Can medical conspiracies influence health behaviors?

By Naveed Saleh, MD, MS, for MDLinx
Published August 21, 2019

Key Takeaways

Medical conspiracy theories often portray medical, science, or technology-related issues as under the influence of secret societies, with these issues posing harm to the public. For example, a common medical conspiracy theory holds that water fluoridation is used to hide the existence of pollutants.

Let’s take a look at a couple of studies on medical conspiracy theories.


Physicians are trained to be grounded in the facts. So, it may be easy for doctors to dismiss conspiracy theories as a fringe delusion spread by people who are paranoid. But in a study published in JAMA Internal Medicine, researchers found that many Americans are aware of conspiracy theories and endorse them. Moreover, medical conspiracy theories are highly predictive of common health behaviors.

“Rather than viewing medical conspiracism as indicative of a psychopathological condition, we can recognize that most individuals who endorse these narratives are otherwise ‘normal’ and that conspiracism arises from common attribution processes,” wrote the authors.

Medical conspiracy narratives

In this study, 1,351 adult Americans were surveyed online to determine the extent of “medical conspiracism” using a nationally representative, online survey. The participants were asked whether they had heard about six popular medical conspiracy theories, and whether they agreed with them.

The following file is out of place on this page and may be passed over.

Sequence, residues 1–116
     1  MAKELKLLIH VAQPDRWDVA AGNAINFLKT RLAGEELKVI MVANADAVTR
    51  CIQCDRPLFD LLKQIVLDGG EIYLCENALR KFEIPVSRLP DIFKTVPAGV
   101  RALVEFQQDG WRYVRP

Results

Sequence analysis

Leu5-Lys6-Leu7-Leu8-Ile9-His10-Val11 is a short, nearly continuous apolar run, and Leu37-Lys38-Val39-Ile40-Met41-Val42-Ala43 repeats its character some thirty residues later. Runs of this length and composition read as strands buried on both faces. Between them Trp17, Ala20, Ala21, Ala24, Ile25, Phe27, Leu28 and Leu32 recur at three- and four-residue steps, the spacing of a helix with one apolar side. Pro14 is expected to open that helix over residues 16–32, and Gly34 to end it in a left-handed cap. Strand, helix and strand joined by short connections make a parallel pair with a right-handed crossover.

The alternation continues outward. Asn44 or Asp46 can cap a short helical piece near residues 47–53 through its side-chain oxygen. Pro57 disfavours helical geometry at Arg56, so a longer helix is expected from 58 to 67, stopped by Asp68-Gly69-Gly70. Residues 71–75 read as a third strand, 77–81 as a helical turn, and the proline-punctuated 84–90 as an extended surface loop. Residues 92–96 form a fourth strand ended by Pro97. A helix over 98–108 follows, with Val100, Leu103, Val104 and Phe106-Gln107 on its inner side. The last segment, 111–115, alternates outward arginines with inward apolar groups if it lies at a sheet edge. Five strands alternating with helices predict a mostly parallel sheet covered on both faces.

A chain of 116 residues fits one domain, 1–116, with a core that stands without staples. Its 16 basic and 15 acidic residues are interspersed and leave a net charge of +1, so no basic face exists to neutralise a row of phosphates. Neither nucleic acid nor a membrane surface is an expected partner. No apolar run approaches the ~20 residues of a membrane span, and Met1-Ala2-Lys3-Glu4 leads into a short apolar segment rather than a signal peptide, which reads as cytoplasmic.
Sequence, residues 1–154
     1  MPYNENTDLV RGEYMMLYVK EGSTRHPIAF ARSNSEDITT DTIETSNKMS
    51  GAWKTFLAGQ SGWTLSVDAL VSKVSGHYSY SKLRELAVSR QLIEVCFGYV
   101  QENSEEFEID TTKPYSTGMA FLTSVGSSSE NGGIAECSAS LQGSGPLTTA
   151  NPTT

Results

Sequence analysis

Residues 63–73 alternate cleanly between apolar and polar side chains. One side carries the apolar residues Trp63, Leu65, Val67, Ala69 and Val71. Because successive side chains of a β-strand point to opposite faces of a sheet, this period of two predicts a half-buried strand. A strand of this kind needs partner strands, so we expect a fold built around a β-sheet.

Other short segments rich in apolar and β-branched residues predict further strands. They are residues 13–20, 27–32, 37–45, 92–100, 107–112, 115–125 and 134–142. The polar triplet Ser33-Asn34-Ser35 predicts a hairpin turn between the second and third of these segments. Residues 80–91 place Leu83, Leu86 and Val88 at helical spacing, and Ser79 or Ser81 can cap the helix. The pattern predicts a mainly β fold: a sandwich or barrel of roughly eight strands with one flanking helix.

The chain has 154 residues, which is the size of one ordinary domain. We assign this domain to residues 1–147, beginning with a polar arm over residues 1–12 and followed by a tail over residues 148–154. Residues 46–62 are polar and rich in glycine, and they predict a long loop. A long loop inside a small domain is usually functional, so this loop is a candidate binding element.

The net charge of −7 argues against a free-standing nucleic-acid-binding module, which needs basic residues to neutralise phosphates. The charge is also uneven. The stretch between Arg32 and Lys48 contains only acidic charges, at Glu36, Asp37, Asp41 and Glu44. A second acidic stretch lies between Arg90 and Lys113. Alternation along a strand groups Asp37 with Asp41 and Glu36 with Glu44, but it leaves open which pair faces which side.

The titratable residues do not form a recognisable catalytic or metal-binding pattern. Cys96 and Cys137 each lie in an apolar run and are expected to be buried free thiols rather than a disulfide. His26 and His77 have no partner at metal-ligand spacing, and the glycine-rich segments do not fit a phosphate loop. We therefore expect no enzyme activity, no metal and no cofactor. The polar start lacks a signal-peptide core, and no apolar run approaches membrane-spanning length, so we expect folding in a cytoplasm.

Here are the theories and results:

  1. “The Food and Drug Administration is deliberately preventing the public from getting natural cures for cancer and other diseases because of pressure from drug companies.”
  • Previously heard: 63%
  • Agree with: 37%
  • Disagree with: 32%
  • Neither: 31%
  1. “Health officials know that cell phones cause cancer but are doing nothing to stop it because large corporations won’t let them.”
  • Previously heard: 57%
  • Agree with: 20%
  • Disagree with: 40%
  • Neither: 40%
  1. “The CIA deliberately infected large numbers of African Americans with HIV under the guise of a hepatitis inoculation program.”
  • Previously heard: 32%
  • Agree with: 12%
  • Disagree with: 51%
  • Neither: 37%
  1. “The global dissemination of genetically modified foods by Monsanto Inc. is part of a secret program, called Agenda 21, launched by the Rockefeller and Ford Foundations to shrink the world’s population.”
  • Previously heard: 19%
  • Agree with: 12%
  • Disagree with: 42%
  • Neither: 46%
  1. “Doctors and the government still want to vaccinate children even though they know these vaccines cause autism and other psychological disorders.”
  • Previously heard: 69%
  • Agree with: 20%
  • Disagree with: 44%
  • Neither: 36%
  1. “Public water fluoridation is really just a secret way for chemical companies to dump the dangerous byproducts of phosphate mines into the environment.”
  • Previously heard: 25%
  • Agree with: 12%
  • Disagree with: 46%
  • Neither: 41%


Health behaviors

The researchers also looked at whether the number of conspiracy theories that participants believed were related to their health behaviors. They found that people who agreed with three or more medical conspiracies (high conspiracists) were more likely to buy organic or farm stand foods and use herbal supplements, but they were less likely to use sunscreen, get flu shots, or go for annual checkups. Here’s the breakdown: